Targeted Media Outreach: How to Know Your Customer

By Lanny Grossman President, EM50 Communications | April 01, 2010

If you have ever browsed a newsstand, you know how many hundreds of different publications and media outlets exist, and that's in addition to Television, Radio (now terrestrial and satellite), as well as the vast Internet. Despite the hardships the publishing industry has been facing with shrinking ad pages and lower circulations, the breath and depth of the media options available continues to grow at a rapid pace. This proliferation has been both good and challenging for public relations professionals as it creates more opportunity for exposure but poses the formidable task of choosing the right outlets for the right story and client. Knowing your desired customer is the first step in selecting the appropriate media to target.

The Importance of Customer Data

In deciding which media outlets to target, it is important to have a realistic understanding of where your core customers are coming from and then, if you wish to expand into new markets, that can also be done as a secondary effort. Capturing guest information is essential in this determination. Online reservations have assisted greatly with this but storing, organizing and using the data effectively is up to management. Front desk staff can re-confirm email and mailing addresses upon check-in. If a large percentage of your guests stay through corporate contracts, the address on their reservation may be that of the corporate travel office or company headquarters. Having a thousand customer addresses in Phoenix per se, does not help in determining guest profiles or in promotional outreach down the road. Capture the data and capture the right data.

Once you have captured the information, put it to work. For example, if you are a hotel in the Midwest and you discover a large portion of your weekend guests are coming from within driving distance, when looking to promote special offers or packages, it will be best to reach out to the daily newspapers and other media outlets within that proximity. Promoting a weekend package with parking to outlets in California will be less effective than first concentrating on your target audience. In addition to knowing where people come from, it is important to understand how they book - travel agent, direct to hotel via phone or website, third party online travel site i.e. Orbitz. Understanding your guests' booking preferences will help direct your public relations efforts as far as targeting the appropriate consumer publication or those targeting the trade.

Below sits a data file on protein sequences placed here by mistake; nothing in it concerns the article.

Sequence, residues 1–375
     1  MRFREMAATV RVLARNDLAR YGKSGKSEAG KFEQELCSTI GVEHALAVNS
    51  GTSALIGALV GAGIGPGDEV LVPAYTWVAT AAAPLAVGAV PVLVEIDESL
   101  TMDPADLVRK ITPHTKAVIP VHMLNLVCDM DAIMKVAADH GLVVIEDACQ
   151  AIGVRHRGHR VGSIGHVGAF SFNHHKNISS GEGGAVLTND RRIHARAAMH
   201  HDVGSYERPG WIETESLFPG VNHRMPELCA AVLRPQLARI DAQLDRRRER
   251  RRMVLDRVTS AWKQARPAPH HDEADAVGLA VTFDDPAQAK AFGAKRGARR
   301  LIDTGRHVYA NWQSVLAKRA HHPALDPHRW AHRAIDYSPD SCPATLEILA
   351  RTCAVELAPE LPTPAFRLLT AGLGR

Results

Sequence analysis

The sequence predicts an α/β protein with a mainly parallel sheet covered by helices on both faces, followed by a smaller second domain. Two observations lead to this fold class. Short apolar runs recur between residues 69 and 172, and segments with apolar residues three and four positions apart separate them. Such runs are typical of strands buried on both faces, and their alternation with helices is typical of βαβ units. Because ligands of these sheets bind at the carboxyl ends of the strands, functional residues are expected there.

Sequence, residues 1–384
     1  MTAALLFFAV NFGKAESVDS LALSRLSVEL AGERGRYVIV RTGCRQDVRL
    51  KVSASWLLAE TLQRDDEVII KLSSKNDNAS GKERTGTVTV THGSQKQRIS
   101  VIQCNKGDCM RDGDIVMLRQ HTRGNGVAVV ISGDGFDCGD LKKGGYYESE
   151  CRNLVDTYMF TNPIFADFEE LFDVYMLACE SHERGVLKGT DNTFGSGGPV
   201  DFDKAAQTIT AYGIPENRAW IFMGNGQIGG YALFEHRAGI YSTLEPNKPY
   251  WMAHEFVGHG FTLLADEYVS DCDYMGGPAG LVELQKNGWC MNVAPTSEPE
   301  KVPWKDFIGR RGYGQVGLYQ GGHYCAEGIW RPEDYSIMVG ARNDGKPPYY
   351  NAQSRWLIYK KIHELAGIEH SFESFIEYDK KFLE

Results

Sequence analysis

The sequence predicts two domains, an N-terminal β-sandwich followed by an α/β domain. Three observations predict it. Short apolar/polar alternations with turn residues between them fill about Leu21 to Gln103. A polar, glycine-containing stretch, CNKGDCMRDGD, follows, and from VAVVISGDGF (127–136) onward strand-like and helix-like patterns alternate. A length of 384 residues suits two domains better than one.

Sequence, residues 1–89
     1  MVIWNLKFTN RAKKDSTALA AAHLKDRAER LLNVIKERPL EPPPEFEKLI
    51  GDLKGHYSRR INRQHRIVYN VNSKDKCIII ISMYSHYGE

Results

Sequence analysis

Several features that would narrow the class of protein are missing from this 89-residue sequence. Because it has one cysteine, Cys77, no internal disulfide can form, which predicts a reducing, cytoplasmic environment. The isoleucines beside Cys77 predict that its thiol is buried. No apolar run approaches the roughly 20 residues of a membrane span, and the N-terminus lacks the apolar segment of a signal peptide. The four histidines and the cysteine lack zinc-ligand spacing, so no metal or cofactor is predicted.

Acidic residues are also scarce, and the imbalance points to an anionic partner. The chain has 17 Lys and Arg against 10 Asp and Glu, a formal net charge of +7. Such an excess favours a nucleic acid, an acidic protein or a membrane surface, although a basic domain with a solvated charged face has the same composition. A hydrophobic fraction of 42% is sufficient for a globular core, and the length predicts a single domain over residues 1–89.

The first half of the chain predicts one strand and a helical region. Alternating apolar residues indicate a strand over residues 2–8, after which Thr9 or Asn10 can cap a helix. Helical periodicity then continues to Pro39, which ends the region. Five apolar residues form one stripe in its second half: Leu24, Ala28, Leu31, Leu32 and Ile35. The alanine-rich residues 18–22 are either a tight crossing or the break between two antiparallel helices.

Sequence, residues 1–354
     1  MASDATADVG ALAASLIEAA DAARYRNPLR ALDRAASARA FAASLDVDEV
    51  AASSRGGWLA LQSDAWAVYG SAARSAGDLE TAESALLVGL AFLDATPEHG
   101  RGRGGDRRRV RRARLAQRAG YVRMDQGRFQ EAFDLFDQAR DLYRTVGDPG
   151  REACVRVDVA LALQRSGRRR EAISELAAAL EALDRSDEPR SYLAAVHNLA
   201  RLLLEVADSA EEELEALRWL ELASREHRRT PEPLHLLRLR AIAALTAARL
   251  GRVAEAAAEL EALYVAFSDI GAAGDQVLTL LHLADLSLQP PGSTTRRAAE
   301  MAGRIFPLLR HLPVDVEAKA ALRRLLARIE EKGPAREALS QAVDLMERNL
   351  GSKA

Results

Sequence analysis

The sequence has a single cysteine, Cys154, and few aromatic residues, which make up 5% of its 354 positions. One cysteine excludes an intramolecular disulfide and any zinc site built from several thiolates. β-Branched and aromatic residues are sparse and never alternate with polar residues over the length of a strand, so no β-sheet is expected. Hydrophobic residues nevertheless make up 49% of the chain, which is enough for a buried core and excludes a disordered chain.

Trade vs Consumer

Each year when a new travel website comes online, industry naysayers run through the streets talking about the death of travel agents. Yes, Internet reservations have grown continuously each year since the launch of web reservations, but travel agents are still essential to hotels and should be seen as a customer, or at least a conduit to customers. When wanting to tell a story to the traveling public, it is important that the story be reformatted to tell the travel agent community as well, who will often act as your messenger. Like a game of telephone, your message will go from hotel to travel agent or trade publication to the agent and then onto the consumer. It will take a little while longer to get there, but the path is effective and important.

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The hotel industry has undertaken a long-term effort to build more responsible and socially conscious businesses. What began with small efforts to reduce waste - such as paperless checkouts and refillable soap dispensers - has evolved into an international movement toward implementing sustainable development practices. In addition to establishing themselves as good corporate citizens, adopting eco-friendly practices is sound business for hotels. According to a recent report from Deloitte, 95% of business travelers believe the hotel industry should be undertaking “green” initiatives, and Millennials are twice as likely to support brands with strong management of environmental and social issues. Given these conclusions, hotels are continuing to innovate in the areas of environmental sustainability. For example, one leading hotel chain has designed special elevators that collect kinetic energy from the moving lift and in the process, they have reduced their energy consumption by 50%  over conventional elevators. Also, they installed an advanced air conditioning system which employs a magnetic mechanical system that makes them more energy efficient. Other hotels are installing Intelligent Building Systems which monitor and control temperatures in rooms, common areas and swimming pools, as well as ventilation and cold water systems. Some hotels are installing Electric Vehicle charging stations, planting rooftop gardens, implementing stringent recycling programs, and insisting on the use of biodegradable materials. Another trend is the creation of Green Teams within a hotel's operation that are tasked to implement earth-friendly practices and manage budgets for green projects. Some hotels have even gone so far as to curtail or eliminate room service, believing that keeping the kitchen open 24/7 isn't terribly sustainable. The May issue of the Hotel Business Review will document what some hotels are doing to integrate sustainable practices into their operations and how they are benefiting from them.